One of the first things that you learn about Visual Studio packages is that by default they are loaded on demand (delayed loading), not when Visual Studio launches (because there are tons of them and it would take a lot of time, CPU and memory to load all of them).
To show their user interface (for those that have one) without loading them, Visual Studio uses a trick: the UI is created and persisted on disk at installation time; the same “permanent UI” approach that is also available to add-ins, although add-ins have also the “temporary UI” approach.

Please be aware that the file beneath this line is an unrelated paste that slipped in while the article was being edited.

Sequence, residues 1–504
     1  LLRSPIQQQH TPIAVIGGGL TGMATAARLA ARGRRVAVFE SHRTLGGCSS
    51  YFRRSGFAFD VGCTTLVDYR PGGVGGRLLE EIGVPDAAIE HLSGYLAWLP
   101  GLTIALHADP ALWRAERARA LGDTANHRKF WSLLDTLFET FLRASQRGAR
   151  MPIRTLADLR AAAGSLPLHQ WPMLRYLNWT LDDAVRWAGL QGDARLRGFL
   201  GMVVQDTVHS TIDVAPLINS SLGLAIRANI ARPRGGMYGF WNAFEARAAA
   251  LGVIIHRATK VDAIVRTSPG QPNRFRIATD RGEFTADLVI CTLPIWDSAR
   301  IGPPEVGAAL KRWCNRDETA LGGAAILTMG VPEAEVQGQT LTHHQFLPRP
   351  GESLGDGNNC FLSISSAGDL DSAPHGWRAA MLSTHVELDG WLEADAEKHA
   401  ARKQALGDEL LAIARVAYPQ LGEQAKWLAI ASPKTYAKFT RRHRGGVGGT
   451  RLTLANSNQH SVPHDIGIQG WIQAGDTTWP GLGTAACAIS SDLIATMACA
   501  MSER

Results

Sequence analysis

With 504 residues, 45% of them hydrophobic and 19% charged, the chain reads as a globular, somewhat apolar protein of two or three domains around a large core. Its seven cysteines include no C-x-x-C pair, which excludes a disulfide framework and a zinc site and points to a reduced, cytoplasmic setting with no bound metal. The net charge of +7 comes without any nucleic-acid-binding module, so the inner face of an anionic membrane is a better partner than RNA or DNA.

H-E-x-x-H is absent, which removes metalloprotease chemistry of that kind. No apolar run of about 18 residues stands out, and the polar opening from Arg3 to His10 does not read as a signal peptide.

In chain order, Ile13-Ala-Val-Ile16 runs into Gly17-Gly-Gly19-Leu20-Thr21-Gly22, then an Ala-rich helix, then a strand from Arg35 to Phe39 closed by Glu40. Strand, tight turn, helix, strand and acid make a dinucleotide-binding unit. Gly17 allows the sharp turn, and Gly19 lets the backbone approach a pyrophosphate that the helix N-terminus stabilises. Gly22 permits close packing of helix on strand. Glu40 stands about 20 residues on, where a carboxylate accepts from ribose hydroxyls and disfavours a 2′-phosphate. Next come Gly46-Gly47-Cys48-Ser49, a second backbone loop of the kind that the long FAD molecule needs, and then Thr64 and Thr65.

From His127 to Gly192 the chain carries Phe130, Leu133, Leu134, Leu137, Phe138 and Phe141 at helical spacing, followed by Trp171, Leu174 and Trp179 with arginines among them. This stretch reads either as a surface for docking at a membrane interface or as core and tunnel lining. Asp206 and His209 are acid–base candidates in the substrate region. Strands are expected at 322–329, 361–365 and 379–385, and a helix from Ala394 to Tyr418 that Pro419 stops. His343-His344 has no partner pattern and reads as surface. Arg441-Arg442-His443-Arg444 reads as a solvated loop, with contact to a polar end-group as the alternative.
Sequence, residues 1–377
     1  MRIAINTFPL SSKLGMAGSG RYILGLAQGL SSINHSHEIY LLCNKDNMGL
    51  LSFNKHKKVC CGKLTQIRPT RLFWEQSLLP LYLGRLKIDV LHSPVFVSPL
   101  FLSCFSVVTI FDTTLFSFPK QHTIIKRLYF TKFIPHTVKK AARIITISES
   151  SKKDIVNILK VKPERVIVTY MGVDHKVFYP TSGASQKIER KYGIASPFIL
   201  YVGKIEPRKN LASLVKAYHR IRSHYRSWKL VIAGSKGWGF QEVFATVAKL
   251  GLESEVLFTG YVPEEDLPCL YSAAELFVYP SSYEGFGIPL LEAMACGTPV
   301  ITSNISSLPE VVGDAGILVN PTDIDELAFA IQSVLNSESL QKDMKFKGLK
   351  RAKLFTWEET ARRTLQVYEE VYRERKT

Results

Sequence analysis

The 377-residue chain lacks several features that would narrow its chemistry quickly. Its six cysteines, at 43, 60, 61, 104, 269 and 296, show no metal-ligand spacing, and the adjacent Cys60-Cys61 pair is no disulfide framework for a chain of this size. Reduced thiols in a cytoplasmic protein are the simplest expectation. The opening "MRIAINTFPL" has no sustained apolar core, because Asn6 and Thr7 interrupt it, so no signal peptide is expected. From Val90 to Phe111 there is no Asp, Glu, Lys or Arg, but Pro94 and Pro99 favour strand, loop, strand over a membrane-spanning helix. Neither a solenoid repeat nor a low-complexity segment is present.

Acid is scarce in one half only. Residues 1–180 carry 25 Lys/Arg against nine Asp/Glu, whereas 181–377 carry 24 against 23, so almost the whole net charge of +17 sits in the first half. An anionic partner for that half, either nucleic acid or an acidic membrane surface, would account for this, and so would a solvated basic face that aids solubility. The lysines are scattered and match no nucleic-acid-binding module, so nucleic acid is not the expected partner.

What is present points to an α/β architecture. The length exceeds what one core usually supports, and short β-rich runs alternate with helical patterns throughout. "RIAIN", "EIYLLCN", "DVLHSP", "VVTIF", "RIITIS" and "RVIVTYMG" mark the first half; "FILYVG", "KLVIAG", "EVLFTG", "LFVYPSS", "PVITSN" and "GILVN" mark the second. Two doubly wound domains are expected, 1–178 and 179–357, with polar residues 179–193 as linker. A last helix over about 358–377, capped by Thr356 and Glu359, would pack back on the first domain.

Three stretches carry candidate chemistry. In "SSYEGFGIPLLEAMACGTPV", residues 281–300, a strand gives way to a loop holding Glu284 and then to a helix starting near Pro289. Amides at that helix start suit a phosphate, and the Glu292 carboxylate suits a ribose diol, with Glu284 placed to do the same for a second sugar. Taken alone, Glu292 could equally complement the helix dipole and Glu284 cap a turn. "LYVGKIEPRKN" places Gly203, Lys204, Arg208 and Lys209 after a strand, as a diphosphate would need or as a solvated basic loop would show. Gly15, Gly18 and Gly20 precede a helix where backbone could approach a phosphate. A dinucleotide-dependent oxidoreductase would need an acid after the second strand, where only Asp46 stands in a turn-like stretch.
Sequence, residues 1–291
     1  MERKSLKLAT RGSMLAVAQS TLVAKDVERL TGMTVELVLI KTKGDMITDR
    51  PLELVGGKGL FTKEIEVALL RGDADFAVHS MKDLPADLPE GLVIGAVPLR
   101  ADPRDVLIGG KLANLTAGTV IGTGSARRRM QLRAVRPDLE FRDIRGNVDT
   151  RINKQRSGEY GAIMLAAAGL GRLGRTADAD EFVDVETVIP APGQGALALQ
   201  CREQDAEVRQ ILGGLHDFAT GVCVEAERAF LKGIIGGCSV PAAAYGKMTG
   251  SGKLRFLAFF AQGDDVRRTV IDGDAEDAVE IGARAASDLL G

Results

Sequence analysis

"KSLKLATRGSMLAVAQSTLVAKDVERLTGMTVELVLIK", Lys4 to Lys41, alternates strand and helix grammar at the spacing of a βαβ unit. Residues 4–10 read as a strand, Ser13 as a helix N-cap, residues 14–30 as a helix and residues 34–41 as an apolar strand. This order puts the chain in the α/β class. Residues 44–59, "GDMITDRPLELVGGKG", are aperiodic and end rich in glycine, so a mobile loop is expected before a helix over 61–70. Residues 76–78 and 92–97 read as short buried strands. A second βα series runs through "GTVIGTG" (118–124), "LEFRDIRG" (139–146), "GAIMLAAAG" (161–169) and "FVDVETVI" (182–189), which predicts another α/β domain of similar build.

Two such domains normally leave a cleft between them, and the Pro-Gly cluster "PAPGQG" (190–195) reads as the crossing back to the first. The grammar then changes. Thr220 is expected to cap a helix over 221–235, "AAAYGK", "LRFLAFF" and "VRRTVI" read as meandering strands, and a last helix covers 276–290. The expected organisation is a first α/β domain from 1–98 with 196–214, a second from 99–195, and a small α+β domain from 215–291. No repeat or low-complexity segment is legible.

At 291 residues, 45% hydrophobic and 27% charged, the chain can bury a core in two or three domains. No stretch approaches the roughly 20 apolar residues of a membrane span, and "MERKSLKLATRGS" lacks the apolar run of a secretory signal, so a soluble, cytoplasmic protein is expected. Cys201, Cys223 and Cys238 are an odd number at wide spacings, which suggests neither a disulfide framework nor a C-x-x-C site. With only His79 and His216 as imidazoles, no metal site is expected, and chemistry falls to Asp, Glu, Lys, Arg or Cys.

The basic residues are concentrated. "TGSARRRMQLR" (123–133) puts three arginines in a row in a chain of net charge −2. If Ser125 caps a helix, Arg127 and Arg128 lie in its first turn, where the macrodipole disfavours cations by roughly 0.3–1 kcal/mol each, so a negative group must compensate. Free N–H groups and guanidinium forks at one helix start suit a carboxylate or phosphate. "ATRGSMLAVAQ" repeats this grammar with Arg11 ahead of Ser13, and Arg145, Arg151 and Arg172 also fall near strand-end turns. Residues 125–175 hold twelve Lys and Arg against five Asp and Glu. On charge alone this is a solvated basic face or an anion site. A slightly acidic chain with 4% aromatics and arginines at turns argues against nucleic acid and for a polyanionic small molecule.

However, what if you really need to load a package on startup? (for example because it needs to listen to VS events). It happens that the answer is more complicated than just a binary flag. It is made with an attribute with a special Guid. My second article about packages explains it, with some insight of the whole mechanism from that attribute and Guid to the Windows registry where Visual Studio locates which packages to autoload and when:
HOWTO: Autoload a Visual Studio package